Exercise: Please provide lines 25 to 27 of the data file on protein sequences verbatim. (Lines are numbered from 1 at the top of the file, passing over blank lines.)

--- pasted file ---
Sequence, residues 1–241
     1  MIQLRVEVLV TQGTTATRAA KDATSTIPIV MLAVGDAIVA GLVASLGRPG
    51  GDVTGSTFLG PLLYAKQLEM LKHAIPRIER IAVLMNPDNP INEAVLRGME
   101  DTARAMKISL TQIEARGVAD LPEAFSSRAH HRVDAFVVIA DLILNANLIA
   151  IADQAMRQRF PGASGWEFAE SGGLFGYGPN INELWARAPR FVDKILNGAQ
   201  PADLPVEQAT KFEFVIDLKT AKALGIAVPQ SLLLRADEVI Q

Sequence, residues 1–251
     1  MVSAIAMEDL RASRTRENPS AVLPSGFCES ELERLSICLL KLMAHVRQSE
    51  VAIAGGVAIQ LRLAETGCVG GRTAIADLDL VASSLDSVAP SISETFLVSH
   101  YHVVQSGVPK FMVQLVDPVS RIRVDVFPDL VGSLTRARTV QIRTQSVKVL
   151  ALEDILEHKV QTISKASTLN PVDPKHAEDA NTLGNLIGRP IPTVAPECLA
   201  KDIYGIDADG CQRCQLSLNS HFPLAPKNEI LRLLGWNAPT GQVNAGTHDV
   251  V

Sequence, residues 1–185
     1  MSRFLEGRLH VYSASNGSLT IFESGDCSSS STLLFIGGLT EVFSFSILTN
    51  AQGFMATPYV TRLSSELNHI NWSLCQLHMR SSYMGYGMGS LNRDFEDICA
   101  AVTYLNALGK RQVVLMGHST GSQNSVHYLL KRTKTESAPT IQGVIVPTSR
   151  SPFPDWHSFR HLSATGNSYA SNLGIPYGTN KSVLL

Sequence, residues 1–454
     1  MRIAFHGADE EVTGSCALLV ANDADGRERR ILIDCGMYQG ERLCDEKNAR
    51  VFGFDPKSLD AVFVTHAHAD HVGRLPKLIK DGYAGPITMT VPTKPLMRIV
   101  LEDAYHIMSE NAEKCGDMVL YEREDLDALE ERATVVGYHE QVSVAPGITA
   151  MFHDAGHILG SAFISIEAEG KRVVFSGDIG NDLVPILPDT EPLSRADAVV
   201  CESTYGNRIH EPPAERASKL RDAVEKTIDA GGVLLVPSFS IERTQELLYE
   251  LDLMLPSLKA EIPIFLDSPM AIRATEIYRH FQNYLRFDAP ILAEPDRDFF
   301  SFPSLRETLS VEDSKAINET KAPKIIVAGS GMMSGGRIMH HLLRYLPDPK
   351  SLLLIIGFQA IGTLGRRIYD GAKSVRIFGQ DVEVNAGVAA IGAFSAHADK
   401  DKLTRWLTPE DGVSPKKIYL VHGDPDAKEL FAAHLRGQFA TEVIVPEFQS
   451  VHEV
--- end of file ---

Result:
   251  LDLMLPSLKA EIPIFLDSPM AIRATEIYRH FQNYLRFDAP ILAEPDRDFF
   301  SFPSLRETLS VEDSKAINET KAPKIIVAGS GMMSGGRIMH HLLRYLPDPK
   351  SLLLIIGFQA IGTLGRRIYD GAKSVRIFGQ DVEVNAGVAA IGAFSAHADK